6. Conclusion

The radiation effects on the performances of strain and temperature in Brillouin-scattering based optical fiber sensors have been thoroughly investigated for different optical fibers classes. The RIA phenomenon should be considered for the fiber-based systems design as it will strongly affect the sensing range and accuracy especially if the fiber composition is not carefully chosen to minimize the sensor vulnerability to the targeted harsh conditions. In addition to the RIA, we showed that radiations lead to a shift in the Brillouin frequency that has to be considered for temperature or strain measurements. A very positive result for the integration of such a system in nuclear waste repository is that the temperature and strain coefficients are hardly or not at all affected by radiations showing a good tolerance to high doses. Among the different tested optical fibers, the saturation effects observed in RIA and BFS in the Fluorine doped fiber suggest that this class of waveguides is very promising for the development of radiation-hardened Brillouin sensors.

References and links

1.

F. Berghmans, “Radiation hardness of fiber optic sensors for monitoring and remote handling applications in nuclear environments,” in Proceedings Paper of Process Monitoring with Optical Fibers and Harsh Environment Sensors Michael A. Marcus, Anbo Wang, ed. (Boston, MA, USA, 1999).

2.

L. Zou, X. Bao, F. Ravet, and L. Chen, “Distributed Brillouin fiber sensor for detecting pipeline buckling in an energy pipe under internal pressure,” Appl. Opt. 45(14), 3372–3377 (2006). [CrossRef] [PubMed]

3.

X. Zeng, X. Bao, C. Y. Chhoa, T. W. Bremner, A. W. Brown, M. D. DeMerchant, G. Ferrier, A. L. Kalamkarov, and A. V. Georgiades, “Strain measurement in a concrete beam by use of the Brillouin-scattering-based distributed fiber sensor with single-mode fibers embedded in glass fiber reinforced polymer rods and bonded to steel reinforcing bars,” Appl. Opt. 41(24), 5105–5114 (2002). [CrossRef] [PubMed]

4.

X. Bao, D. J. Webb, and D. A. Jackson, “32-km distributed temperature sensor based on Brillouin loss in an optical fiber,” Opt. Lett. 18(18), 1561–1563 (1993). [CrossRef] [PubMed]

5.

S. Afshar, X. Bao, L. Zou, and L. Chen, “Brillouin spectral deconvolution method for centimeter spatial resolution and high-accuracy strain measurement in Brillouin sensors,” Opt. Lett. 30(7), 705–707 (2005). [CrossRef] [PubMed]

6.

T. R. Parker, M. Farhadiroushan, V. A. Handerek, and A. J. Rogers, “Temperature and strain dependence of the power level and frequency of spontaneous Brillouin scattering in optical fibers,” Opt. Lett. 22(11), 787–789 (1997). [CrossRef] [PubMed]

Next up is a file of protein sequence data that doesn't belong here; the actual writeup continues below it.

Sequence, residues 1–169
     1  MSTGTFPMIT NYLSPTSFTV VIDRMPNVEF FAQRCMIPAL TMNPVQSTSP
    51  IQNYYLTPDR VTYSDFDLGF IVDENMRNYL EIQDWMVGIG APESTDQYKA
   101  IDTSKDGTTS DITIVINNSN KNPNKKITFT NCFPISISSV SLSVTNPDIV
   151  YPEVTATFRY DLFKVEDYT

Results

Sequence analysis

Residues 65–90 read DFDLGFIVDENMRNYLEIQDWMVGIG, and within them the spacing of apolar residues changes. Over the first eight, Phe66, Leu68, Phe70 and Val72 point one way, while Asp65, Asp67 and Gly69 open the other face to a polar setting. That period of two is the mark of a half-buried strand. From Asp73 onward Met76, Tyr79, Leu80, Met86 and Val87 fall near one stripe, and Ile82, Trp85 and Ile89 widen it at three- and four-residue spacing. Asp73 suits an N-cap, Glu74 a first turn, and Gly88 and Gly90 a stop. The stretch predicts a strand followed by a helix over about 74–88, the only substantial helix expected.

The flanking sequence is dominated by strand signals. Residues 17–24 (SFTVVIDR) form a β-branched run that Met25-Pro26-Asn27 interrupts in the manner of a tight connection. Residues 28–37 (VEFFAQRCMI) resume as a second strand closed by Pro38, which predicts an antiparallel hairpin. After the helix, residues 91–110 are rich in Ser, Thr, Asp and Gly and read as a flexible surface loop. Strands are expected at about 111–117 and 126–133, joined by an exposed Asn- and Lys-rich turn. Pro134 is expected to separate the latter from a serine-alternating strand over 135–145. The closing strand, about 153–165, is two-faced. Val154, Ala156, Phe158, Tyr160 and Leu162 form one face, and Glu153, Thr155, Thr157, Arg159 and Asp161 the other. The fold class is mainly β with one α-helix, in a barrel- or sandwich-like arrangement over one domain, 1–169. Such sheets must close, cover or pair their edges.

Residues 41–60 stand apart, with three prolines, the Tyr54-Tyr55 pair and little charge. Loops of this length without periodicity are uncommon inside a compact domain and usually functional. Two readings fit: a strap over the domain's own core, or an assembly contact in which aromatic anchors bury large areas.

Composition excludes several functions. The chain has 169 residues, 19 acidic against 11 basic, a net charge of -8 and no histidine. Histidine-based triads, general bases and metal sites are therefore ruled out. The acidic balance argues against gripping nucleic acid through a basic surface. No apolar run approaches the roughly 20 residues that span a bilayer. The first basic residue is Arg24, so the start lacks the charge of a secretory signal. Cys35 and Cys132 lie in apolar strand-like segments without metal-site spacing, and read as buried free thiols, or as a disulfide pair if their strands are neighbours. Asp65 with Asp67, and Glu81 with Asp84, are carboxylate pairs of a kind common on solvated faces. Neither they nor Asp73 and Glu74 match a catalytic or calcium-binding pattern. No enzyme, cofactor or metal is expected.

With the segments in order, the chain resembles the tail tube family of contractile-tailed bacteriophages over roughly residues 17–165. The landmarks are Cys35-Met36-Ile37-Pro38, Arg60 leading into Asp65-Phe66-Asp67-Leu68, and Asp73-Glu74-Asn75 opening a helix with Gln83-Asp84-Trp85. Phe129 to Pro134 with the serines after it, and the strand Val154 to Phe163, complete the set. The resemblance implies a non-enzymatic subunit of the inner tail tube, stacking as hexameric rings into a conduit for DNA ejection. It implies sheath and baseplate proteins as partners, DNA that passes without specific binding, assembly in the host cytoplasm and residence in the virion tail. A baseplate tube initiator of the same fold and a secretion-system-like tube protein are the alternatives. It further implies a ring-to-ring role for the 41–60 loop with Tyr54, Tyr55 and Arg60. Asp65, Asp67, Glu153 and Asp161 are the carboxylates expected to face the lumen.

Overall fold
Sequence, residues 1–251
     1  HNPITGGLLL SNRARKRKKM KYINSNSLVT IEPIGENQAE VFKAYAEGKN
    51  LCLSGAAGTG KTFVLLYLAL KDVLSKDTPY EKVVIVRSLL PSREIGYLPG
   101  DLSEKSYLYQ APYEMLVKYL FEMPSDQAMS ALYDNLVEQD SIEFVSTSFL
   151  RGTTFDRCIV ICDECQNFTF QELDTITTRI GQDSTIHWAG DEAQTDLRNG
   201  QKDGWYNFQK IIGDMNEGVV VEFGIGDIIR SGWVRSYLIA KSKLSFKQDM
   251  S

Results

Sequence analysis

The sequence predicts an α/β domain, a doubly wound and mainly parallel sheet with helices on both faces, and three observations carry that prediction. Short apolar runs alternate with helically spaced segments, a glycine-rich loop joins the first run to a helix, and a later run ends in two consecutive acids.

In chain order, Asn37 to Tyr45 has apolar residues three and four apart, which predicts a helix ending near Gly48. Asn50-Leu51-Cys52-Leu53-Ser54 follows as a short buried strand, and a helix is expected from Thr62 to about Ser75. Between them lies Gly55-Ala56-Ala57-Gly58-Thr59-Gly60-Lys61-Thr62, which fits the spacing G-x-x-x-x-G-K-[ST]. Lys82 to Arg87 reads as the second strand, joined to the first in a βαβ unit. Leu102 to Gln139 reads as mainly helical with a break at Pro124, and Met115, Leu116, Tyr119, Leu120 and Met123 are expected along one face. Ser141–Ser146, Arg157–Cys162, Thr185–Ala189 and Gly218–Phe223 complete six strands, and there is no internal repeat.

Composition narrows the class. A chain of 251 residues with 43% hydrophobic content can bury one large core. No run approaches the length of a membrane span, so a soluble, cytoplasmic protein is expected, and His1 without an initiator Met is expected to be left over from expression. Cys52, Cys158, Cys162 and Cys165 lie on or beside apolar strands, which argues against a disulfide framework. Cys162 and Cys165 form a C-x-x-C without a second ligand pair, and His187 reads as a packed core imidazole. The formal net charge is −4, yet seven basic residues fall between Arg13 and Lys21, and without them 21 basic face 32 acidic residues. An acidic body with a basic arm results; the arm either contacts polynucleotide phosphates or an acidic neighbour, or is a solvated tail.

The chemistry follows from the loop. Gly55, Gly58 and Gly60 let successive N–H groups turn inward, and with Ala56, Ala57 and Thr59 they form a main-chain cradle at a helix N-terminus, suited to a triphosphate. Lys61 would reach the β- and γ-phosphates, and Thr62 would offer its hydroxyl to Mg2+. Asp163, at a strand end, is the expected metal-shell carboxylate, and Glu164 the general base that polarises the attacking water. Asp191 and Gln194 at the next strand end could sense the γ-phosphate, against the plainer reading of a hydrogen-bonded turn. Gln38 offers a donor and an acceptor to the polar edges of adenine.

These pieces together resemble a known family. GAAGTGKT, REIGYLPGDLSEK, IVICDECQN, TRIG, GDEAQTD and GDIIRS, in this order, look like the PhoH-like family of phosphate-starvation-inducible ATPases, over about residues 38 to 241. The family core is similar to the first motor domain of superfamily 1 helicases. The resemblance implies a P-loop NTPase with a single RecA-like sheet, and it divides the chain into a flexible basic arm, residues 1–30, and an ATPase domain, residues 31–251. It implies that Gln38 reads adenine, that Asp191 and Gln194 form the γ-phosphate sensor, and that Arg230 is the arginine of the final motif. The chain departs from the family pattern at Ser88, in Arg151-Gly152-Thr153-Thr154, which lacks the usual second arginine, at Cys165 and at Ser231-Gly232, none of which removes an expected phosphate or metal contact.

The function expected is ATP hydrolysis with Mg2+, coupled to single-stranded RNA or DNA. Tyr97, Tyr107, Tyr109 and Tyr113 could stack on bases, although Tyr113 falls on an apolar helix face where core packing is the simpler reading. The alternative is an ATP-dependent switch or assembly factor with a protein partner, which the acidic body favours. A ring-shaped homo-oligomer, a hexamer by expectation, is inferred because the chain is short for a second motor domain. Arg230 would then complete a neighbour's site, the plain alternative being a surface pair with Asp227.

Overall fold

7.

S. Girard, J. Keurinck, A. Boukenter, J. Meunier, Y. Ouerdane, B. Azais, P. Charre, and M. Vie, “Gamma-rays and pulsed X-ray radiation responses of nitrogen, germanium-doped and pure silica core optical fibers,” Nucl. Instrum. Meth. B 215(1-2), 187–195 (2004). [CrossRef]

8.

E. Friebele, C. Askins, M. Gingerich, and K. Long, “Optical fiber waveguides in radiation environments, II,” Nucl Instrum Meth B 1(2-3), 355–369 (1984). [CrossRef]

9.

D. Alasia, A. F. Fernandez, L. Abrardi, B. Brichard, and L. Thévenaz, “The effects of gamma-radiation on the properties of Brillouin scattering in standard Ge-doped optical fibres,” Meas. Sci. Technol. 17(5), 1091–1094 (2006). [CrossRef]

10.

X. Pheron, Y. Ouerdane, S. Girard, B. Tortech, S. Delepine-Lesoille, J. Bertrand, Y. Sikali Mamdem, and A. Boukenter, “UV irradiation influence on stimulated Brillouin scattering in photosensitive optical fibres,” Electron. Lett. 47(2), 132–133 (2011). [CrossRef]

11.

Y. Koyamada, S. Sato, S. Nakamura, H. Sotobayashi, and W. Chujo, “Simulating and designing brillouin gain spectrum in single-mode fibers,” J. Lightwave Technol. 22(2), 631–639 (2004). [CrossRef]

12.

A. Fernandez-Fernandez, H. Ooms, B. Brichard, M. Coeck, S. Coenen, F. Berghmans, and M. Décreton, “SCK-CEN gamma irradiation facilities for radiation tolerance assessment,” 2002 NSREC Data Workshop, 02HT8631, 171–176, (2002).

13.

L. Zou, X. Bao, Y. Wan, and L. Chen, “Coherent probe-pump-based Brillouin sensor for centimeter-crack detection,” Opt. Lett. 30(4), 370–372 (2005). [CrossRef] [PubMed]

14.